Claim 1: For $b>1,$ the map from Definition A is unbounded above.

Proof: Given $m\in\Bbb Z^{>0},$ let $a_m:=b^m-b^{m-1},$ so that each $a_m>0.$ It is readily shown by induction on $m$ that for all $m\in\Bbb Z^{>0},$ we have $a_{m+1}=a_m\cdot b$ and $$b^m=1+\sum_{k=1}^m a_k,$$ so in particular, $$b^m\ge 1+\sum_{k=1}^m a_1=1+ma_1>ma_1.$$ Take any $y\in\Bbb R.$ By the Archimedean Property of Reals, since $a_1>0,$ then there is some $m\in\Bbb Z^{>0}$ such that $ma_1>y,$ and so $b^m>y.$ Since this holds for all $y\in\Bbb R,$ then the map is unbounded above, as desired. $\Box$

Claim 2: Given $m\in\Bbb Z^{\ge0},$ the map $\Bbb R^{>0}\to\Bbb R^{>0}$ given by $b\mapsto b^m$ is non-decreasing, and is increasing for $m\ne 0$.

Proof: It is readily seen that the map $b\mapsto b^0=1$ is nondecreasing, and that the map $b\mapsto b^1=b$ is increasing. Suppose for some $m>0$ that the map $b\mapsto b^m$ is increasing, and take $b,c\in\Bbb R$ with $0<b<c.$ We know that $b^m<c^m$ by inductive hypothesis. Since $0<b$ and $b^m<c^m,$ then $b^{m+1}:=b^m\cdot b<c^m\cdot b.$ Since $b<c$ and $0<c^m,$ then $c^m\cdot b<c^m\cdot c=:c^{m+1},$ and so $b^{m+1}<c^{m+1},$ as desired. $\Box$


Definition B: Given $c\in\Bbb R^{\ge1}$ and $n\in\Bbb Z^{>0},$ we define $c^{\frac1n}:=\sup\{b\in\Bbb R:b^n\le c\}.$ Note in particular that $1^n=1\le c,$ so $\{b\in\Bbb R:b^n\le c\}$ is non-empty, and by Claim 1 is bounded above, so that $c^{\frac1n}$ is well-defined for $n\in\Bbb Z^{\ge 2}$. Furthermore, observing that $b^1=b$ for any $b\in\Bbb R,$ we have $$c^{\frac11}:=\sup\{b\in\Bbb R:b^1\le c\}=\sup\{b\in\Bbb R:b\le c\}=c=c^1,$$ so that Definitions A and B agree, and $c^{\frac1n}$ is well-defined for all $n\in\Bbb Z^{>0}.$

Claim 3: Given $c\in\Bbb R^{\ge 1}$ and $n\in\Bbb Z^{>0},$ $x=c^{\frac1n}$ is a positive real solution to $x^n=c.$ Moreover, it is the unique such solution by Claim 2.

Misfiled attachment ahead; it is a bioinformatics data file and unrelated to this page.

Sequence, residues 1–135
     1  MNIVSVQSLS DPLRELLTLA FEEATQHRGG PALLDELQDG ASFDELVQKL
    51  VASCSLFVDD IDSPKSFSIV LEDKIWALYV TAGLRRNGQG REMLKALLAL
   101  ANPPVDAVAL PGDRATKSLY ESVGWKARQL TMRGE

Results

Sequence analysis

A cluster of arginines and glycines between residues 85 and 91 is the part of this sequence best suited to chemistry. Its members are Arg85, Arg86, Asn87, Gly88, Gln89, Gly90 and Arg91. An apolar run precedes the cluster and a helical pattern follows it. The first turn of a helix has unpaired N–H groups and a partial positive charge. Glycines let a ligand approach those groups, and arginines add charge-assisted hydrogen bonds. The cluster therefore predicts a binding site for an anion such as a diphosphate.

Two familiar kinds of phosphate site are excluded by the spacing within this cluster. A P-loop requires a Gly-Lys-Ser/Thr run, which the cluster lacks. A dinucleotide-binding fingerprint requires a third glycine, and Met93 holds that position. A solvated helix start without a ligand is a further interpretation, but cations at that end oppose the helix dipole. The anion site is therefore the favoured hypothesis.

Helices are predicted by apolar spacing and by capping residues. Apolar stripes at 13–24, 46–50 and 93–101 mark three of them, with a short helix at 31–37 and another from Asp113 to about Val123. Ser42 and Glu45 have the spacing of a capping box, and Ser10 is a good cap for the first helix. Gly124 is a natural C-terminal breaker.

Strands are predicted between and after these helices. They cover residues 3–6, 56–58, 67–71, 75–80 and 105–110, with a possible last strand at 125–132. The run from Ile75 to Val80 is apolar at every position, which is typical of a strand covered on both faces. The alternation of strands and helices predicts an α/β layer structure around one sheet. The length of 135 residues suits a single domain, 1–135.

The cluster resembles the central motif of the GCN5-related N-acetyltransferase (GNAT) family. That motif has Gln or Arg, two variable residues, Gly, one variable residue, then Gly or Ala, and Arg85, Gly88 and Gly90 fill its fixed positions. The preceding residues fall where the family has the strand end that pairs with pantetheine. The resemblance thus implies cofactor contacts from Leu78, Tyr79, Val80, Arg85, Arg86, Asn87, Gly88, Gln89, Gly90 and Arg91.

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@cameronbuie How did this go? –  Committing to a challenge Oct 22 at 0:43
    
@Committingtoachallenge: I've not yet finished. Would you like me to tag you once I've done so? –  Cameron Buie Oct 22 at 2:14
    
@CameronBuie Yes :), what is it for? –  Committing to a challenge Oct 22 at 2:16

This answer is free for anyone to use.

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$$\begin{align} I &=\int_0^1 \frac{x^3}{2(2-x^2)(1+x^2) + 3\sqrt{(2-x^2)(1+x^2)}}\,\mathrm dx\tag{1}\\ &=\frac12\int_0^1 \frac{t}{2(2-t)(1+t) + 3\sqrt{(2-t)(1+t)}}\,\mathrm dt\tag{2}\\ &=\frac13\int_{\sqrt2}^{1/\sqrt2} \frac{u^2-2}{(1+u)^2(u^2+1)}\,\mathrm du\tag{3}\\ &=\frac13\left[\int_{\sqrt2}^{1/\sqrt2} \frac{3 u}{2 \left(u^2+1\right)}\,\mathrm du -\int_{\sqrt2}^{1/\sqrt2} \frac{3}{2 (u+1)}\,\mathrm du -\int_{\sqrt2}^{1/\sqrt2} \frac{1}{2 (u+1)^2}\,\mathrm du\right]\tag{4}\\ &=\frac13\left[\frac{3}{4} \log \left(u^2+1\right)-\frac{3}{2} \log (u+1)+\frac{1}{2 (u+1)}\right]_{\sqrt2}^{1/\sqrt2}\tag{5}\\ &=\frac{1}{3}\Bigg[\frac{3-2 \sqrt{2}}{2}\Bigg]\tag{6}\\ \end{align}$$

$$\large\int_0^1 \frac{x^3}{2(2-x^2)(1+x^2) + 3\sqrt{(2-x^2)(1+x^2)}}\,\mathrm dx=\frac{1}{6}\left(3-2 \sqrt{2}\right)$$


$\text{Explanations:}$

$(2)$ Substitute $x^2=t\iff2x\,\mathrm dx=\,\mathrm dt$

$(3)$ Using Type $\rm II$ Euler Substitution

$$\small \sqrt{(2-t)(t+1)}=(t+1)u \iff t+1=\frac{3}{u^2+1} \iff t=\frac{2-u^2}{u^2+1} \iff \,\mathrm dt=-\frac{6 u}{\left(u^2+1\right)^2}\,\mathrm du$$

$(4)$ Using Partial Fraction Decomposition

$$\small\frac{2-u^2}{(1+u)^2(u^2+1)}=-\frac{3 u}{2 \left(u^2+1\right)}+\frac{3}{2 (u+1)}+\frac{1}{2 (u+1)^2}$$

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@committingtoaname: no, and I'd actually forgotten this was here. For one, I realized that there were some errors in what is here; moreover, achielle hui's comments in that question both shows the location I was heading and why it's hard to proceed further. So I abandoned this direct route. –  Semiclassical Oct 8 at 2:04